Presentations need to focus on one specific example to get the message across more effectively

I recently presented as a Key note speaker at the 21st Oxford Geek Night.

When I arrived, about 70 people were crammed into a very small space at the top of the Jericho Tavern in Oxford. Drinks were free (at least the first one was) then we quickly simmered down in preparation for the first talk: Styleguides for the Web, by Paul Lloyd, visual designer at Clearleft (slides).

There was a five minute break before Nick, my side-kick UI developer, and I went on stage to present 15 minutes on: Rapid prototyping: fast, continuous, informed design and development, by Eewei Chen and Nick Bailey, Experience Design at Thoughtworks (slides).

You can step through the slide above at your leisure but my biggest takeaway is that people want specific examples they can focus on and pick apart. Some feedback included:

  • Would be great to see how all this theory can be applied to one project from start to finish
  • Provide insight into lessons learned and how they were applied to improve the user experience and better meet customer goals
  • Break a project apart and show where low-fi all the way to coded more hi-fi prototypes aided user testing and ‘getting the idea across’ more efficient
  • List of tools and techniques was useful
  • Presentation was good but was too much to take in
  • Tell a story, take us through the highs and the lows, how you learned to adapt and improve for all to see
  • Live code was brave but we get it. We want to learn about where to integrate, how it was done well so we can apply it

I look forward to giving this presentation again but next time it will be focussed on one project touching upon all areas. Tell a story that everyone can follow and have key take aways and tools at the end.

Why designers must hack

I love being given a challenge and are asked to solve it next to no time. It means you don’t have time to think so you just ‘do’. Doing means ideas flow; you get swept up in the storm that is creativity and you end up with the most amazing solutions, ones that are truly innovative. Start up days, hack days and design jams have successfully led to the creation of viable business propositions that match real world user needs in a very short time frame.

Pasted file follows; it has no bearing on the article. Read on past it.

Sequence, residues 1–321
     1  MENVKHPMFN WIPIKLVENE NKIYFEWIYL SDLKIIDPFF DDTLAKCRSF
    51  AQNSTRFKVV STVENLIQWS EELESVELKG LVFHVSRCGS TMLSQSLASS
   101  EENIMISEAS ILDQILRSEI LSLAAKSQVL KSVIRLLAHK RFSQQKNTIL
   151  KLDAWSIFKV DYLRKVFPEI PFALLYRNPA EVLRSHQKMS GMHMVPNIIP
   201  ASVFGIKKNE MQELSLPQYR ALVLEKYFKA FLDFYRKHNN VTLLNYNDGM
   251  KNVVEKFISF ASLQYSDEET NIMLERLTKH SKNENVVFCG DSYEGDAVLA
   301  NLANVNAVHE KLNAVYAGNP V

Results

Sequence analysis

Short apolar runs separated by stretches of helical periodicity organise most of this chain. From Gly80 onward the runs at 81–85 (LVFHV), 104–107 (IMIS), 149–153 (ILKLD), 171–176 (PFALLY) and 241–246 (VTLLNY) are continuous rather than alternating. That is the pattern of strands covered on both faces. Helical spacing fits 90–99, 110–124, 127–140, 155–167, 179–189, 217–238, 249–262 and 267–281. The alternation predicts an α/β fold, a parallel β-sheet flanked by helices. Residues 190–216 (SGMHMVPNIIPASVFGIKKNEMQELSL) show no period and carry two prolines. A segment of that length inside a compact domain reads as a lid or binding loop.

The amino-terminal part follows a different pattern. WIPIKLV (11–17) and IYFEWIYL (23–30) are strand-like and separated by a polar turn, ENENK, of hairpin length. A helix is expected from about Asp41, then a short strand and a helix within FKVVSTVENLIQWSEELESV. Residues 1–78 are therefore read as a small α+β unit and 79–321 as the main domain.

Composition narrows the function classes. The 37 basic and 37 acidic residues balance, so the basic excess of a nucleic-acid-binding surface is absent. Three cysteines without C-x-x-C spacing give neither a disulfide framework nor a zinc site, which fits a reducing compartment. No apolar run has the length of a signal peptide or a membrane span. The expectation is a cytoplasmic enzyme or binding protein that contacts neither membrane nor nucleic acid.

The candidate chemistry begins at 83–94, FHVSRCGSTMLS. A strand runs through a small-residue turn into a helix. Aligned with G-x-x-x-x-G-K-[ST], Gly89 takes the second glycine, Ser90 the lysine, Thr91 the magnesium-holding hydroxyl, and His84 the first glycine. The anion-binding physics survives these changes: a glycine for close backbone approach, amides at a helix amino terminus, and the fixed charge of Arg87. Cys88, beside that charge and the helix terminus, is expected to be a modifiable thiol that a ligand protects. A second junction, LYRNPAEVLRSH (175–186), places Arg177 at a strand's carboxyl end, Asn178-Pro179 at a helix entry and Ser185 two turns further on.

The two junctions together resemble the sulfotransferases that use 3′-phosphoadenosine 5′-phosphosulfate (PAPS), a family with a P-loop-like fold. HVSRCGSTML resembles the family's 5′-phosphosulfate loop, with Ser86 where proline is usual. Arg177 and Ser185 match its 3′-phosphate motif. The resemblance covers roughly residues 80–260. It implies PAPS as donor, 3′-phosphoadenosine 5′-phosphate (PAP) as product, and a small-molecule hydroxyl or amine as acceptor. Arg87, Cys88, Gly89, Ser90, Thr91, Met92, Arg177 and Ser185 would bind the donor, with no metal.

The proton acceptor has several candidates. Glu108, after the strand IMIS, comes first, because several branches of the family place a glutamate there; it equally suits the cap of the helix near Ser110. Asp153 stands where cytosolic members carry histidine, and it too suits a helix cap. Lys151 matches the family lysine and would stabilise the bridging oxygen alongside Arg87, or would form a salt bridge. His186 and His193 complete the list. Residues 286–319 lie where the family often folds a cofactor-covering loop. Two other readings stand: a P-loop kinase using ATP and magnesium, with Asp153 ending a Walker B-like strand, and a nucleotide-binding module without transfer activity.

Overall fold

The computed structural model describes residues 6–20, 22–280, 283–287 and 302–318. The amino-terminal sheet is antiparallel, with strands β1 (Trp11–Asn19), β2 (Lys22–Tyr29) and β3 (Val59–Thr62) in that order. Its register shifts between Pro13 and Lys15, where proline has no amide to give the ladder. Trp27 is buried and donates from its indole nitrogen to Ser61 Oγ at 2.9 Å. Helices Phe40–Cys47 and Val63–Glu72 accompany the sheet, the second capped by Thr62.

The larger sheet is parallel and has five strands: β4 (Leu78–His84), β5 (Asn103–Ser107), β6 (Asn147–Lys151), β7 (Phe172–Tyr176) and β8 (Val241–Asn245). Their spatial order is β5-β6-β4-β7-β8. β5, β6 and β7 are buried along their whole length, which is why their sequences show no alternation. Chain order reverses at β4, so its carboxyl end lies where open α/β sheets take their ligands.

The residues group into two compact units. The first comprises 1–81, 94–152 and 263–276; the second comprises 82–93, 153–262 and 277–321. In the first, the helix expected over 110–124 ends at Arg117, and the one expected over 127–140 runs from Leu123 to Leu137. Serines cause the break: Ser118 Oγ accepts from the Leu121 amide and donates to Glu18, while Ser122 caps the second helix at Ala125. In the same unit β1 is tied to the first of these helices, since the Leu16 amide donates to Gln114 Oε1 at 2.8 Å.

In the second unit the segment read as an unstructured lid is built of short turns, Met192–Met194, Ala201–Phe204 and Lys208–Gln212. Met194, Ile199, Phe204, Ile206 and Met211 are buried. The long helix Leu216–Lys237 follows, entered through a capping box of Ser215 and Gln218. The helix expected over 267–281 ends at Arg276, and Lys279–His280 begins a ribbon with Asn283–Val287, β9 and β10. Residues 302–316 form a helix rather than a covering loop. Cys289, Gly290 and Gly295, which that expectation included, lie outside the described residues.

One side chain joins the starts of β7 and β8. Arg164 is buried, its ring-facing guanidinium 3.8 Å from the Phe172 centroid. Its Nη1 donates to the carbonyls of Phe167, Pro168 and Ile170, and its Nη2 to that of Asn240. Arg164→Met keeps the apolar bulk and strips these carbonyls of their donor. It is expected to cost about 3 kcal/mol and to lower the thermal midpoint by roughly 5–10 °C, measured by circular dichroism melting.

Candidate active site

These days tackles a real world challenge need in 1-2 days and produce a fully working proof of concept prototype arrived at using design thinking, design doing, design testing and iterative improving .

So why do it?

  • Low risk
  • Fast
  • Insightful: answers a real end-user / consumer need or trend
  • Embraces the entrepreneurial spirit: experimental, fail fast, start up mentality to solve a critical business need
  • Creates working proof of concept software / product
  • There is so much less bull shit
  • It is fun!

Who can get involved? (what skills do you need?):

ANYBODY interested in problem solving

How?

Day 1 – Research, Explore, Design… pivot!

Release a real world challenge e.g. Make tourists feel more like locals when they visit a new city to experience a new culture from the point of view of a local

· Research:
Brainstorm, analyse trends, analyse competitor landscape, create business model, define business success metrics, business metrics, technology, user test

· Explore:
Tech spiking, Group ideas and features together, prioritise features, stories (just enough), challenge business model, user test

· Design:
Sketch, user journeys, apply best practices, paper prototype, visual look and feel, user test

Day 2 – Iterative development

  • Build the damn thing
  • User test
  • Improve
  • Present and sell your concept!

Useful events: